Skin Disease Common Among Hispanic Farmworkers In North Carolina
Skin disease and prevention
Wake Forest University School of Medicine studies of Hispanic farmworkers in North Carolina found that more than three out of four workers had skin disease and that workers need more information about how to prevent common skin conditions, as well as potentially deadly diseases such as skin cancer.
Few studies have evaluated skin disease in migrant farmworkers. In one of the Wake Forest studies, 59 farmworkers from Nash and Johnston Counties were examined by a dermatologist with the goal of estimating the prevalence and predictors of skin disease. The results are reported in the May issue of the Journal of Agricultural Safety and Health.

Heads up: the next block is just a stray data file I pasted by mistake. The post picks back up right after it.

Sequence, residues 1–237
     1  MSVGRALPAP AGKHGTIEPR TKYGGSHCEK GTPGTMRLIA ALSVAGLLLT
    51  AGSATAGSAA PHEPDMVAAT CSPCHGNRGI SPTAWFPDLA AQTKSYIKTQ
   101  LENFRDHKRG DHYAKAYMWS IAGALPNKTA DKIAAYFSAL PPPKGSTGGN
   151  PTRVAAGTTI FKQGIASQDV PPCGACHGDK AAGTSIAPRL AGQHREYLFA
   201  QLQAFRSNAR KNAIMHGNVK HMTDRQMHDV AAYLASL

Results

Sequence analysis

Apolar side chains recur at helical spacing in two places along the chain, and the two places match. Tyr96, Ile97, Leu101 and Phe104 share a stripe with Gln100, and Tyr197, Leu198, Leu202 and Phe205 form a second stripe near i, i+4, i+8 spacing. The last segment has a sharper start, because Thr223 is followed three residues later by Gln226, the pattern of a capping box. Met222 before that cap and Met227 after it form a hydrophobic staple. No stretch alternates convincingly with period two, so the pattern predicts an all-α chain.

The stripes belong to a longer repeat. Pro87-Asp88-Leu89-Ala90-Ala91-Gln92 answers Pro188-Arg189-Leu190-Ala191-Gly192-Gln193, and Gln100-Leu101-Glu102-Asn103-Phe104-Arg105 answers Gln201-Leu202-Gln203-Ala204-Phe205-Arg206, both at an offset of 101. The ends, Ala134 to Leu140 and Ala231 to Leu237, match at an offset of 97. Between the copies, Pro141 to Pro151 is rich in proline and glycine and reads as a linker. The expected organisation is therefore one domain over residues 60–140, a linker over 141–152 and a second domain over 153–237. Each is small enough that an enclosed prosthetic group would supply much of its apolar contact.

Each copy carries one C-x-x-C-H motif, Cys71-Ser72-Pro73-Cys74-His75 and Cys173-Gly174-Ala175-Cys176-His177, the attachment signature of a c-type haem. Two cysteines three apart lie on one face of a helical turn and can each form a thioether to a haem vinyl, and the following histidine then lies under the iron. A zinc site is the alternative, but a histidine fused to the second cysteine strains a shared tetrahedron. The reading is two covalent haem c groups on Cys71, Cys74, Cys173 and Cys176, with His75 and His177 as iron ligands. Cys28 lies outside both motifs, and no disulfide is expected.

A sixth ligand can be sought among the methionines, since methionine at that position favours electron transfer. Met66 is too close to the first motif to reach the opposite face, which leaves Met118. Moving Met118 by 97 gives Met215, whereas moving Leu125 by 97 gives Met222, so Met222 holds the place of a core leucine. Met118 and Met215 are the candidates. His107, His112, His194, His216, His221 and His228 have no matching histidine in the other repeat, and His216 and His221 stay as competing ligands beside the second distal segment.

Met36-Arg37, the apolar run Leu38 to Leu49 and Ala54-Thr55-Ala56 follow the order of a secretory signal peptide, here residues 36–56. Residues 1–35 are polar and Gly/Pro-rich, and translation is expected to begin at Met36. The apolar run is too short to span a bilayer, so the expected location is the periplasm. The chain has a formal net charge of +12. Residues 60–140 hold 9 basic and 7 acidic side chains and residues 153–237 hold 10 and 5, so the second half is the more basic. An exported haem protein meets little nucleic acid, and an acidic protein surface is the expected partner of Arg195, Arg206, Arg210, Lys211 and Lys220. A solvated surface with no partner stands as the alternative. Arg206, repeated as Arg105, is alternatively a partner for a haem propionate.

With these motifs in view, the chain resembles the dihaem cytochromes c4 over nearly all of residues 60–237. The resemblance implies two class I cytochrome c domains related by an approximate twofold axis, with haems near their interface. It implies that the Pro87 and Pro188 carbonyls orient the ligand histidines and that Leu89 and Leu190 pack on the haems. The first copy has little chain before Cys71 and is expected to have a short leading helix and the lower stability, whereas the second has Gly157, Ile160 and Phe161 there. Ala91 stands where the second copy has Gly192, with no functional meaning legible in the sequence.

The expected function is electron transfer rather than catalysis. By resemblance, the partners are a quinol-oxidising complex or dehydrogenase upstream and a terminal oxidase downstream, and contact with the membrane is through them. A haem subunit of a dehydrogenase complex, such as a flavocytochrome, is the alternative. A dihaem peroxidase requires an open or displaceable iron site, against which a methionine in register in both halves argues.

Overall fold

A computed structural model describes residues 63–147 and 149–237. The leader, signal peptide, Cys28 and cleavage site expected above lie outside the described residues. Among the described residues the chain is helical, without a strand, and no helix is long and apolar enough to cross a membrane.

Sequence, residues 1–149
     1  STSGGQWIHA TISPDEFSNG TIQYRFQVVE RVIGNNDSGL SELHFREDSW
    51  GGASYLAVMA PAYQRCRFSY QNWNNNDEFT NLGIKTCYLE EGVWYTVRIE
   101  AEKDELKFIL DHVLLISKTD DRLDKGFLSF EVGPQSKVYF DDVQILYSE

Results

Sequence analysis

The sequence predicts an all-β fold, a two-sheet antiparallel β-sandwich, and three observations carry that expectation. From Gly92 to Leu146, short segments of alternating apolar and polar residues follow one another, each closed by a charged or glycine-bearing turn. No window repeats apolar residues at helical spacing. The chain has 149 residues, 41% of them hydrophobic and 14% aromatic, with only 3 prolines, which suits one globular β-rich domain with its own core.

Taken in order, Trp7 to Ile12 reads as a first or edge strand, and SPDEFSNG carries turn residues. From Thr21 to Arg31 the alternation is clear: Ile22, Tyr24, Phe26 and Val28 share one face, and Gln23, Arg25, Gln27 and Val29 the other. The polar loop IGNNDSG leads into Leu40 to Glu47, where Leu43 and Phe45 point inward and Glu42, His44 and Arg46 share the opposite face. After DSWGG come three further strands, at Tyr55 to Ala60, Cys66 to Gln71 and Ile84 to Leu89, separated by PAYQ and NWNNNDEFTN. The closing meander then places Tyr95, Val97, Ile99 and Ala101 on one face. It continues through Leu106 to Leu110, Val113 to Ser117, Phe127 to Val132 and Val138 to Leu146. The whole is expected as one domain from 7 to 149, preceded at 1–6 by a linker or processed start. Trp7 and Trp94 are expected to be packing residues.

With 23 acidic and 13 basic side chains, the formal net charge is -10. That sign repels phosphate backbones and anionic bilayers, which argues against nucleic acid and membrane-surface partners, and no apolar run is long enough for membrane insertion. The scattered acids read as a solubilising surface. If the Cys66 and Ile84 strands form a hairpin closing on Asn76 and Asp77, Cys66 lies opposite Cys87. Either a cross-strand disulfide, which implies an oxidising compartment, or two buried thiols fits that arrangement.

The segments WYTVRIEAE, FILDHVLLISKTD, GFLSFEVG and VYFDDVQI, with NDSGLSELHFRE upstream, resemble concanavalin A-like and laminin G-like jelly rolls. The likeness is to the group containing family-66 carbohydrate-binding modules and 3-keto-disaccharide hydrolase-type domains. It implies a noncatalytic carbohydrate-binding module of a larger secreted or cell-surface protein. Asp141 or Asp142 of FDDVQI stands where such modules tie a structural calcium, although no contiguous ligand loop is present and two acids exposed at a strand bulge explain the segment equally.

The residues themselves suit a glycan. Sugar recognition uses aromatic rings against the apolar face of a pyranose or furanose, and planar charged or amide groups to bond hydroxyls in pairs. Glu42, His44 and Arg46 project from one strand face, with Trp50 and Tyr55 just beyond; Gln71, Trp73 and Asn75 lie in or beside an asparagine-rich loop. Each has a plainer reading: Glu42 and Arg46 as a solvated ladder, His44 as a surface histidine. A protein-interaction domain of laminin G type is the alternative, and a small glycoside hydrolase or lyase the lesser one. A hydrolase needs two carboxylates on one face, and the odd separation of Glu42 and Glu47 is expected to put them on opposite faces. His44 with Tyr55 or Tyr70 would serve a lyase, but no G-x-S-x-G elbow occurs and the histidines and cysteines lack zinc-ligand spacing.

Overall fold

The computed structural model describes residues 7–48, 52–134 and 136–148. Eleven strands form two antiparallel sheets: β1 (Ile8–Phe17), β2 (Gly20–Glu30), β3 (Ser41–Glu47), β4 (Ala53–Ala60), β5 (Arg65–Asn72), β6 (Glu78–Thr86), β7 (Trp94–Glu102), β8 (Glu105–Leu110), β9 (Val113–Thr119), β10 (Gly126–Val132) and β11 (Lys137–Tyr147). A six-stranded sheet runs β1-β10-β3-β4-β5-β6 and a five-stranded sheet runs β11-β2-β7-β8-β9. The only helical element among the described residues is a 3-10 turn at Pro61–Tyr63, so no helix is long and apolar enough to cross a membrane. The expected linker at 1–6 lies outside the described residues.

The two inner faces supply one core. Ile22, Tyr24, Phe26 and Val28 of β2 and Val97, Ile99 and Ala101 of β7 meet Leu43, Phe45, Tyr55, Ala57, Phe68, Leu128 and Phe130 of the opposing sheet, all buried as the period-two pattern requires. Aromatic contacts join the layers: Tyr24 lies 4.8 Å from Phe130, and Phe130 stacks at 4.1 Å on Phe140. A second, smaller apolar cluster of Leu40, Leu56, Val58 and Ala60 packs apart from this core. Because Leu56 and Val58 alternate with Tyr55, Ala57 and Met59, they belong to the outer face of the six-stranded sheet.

A second study, which involved in-depth interviews with 30 farmworkers from across the state, was designed to determine workers' beliefs and perceptions about occupational skin disease. Results are reported in the April issue of the American Journal of Industrial Medicine.
"Farmworkers are particularly vulnerable to diseases of the skin and have the highest incidence of skin disorders of any industry," said Thomas Arcury, Ph.D., professor of family medicine at Wake Forest University School of Medicine and lead researcher. "These workers represent a medically underserved population that is at risk for both environmental and occupational health problems, as well as health problems associated with poverty."
An estimated 4.2 million seasonal and migrant farmworkers and their families live in the United States. Most farmworkers are Hispanic, with a majority being from Mexico. Due to language barriers